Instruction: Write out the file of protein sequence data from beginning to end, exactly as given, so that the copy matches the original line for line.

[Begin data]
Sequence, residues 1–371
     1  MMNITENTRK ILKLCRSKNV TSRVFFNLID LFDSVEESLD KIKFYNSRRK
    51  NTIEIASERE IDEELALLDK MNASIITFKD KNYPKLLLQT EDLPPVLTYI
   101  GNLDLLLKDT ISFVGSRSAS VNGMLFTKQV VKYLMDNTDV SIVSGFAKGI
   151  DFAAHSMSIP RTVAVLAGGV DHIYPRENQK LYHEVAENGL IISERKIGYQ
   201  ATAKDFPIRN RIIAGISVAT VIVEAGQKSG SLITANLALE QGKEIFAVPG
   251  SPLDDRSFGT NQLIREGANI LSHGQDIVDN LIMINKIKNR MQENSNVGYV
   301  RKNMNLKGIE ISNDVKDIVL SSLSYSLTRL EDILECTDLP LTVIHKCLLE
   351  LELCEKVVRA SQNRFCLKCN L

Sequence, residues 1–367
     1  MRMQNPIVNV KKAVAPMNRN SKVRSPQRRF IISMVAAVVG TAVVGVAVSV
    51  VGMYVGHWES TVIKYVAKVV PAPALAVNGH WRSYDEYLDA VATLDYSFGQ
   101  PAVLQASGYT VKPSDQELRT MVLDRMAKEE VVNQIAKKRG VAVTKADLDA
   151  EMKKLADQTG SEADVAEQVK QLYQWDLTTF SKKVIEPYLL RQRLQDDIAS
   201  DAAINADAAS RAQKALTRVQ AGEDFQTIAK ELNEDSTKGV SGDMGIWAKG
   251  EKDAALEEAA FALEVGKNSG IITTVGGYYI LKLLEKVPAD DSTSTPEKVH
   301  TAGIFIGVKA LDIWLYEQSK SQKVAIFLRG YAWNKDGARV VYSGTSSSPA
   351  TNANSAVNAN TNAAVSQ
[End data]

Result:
Sequence, residues 1–371
     1  MMNITENTRK ILKLCRSKNV TSRVFFNLID LFDSVEESLD KIKFYNSRRK
    51  NTIEIASERE IDEELALLDK MNASIITFKD KNYPKLLLQT EDLPPVLTYI
   101  GNLDLLLKDT ISFVGSRSAS VNGMLFTKQV VKYLMDNTDV SIVSGFAKGI
   151  DFAAHSMSIP RTVAVLAGGV DHIYPRENQK LYHEVAENGL IISERKIGYQ
   201  ATAKDFPIRN RIIAGISVAT VIVEAGQKSG SLITANLALE QGKEIFAVPG
   251  SPLDDRSFGT NQLIREGANI LSHGQDIVDN LIMINKIKNR MQENSNVGYV
   301  RKNMNLKGIE ISNDVKDIVL SSLSYSLTRL EDILECTDLP LTVIHKCLLE
   351  LELCEKVVRA SQNRFCLKCN L

Sequence, residues 1–367
     1  MRMQNPIVNV KKAVAPMNRN SKVRSPQRRF IISMVAAVVG TAVVGVAVSV
    51  VGMYVGHWES TVIKYVAKVV PAPALAVNGH WRSYDEYLDA VATLDYSFGQ
   101  PAVLQASGYT VKPSDQELRT MVLDRMAKEE VVNQIAKKRG VAVTKADLDA
   151  EMKKLADQTG SEADVAEQVK QLYQWDLTTF SKKVIEPYLL RQRLQDDIAS
   201  DAAINADAAS RAQKALTRVQ AGEDFQTIAK ELNEDSTKGV SGDMGIWAKG
   251  EKDAALEEAA FALEVGKNSG IITTVGGYYI LKLLEKVPAD DSTSTPEKVH
   301  TAGIFIGVKA LDIWLYEQSK SQKVAIFLRG YAWNKDGARV VYSGTSSSPA
   351  TNANSAVNAN TNAAVSQ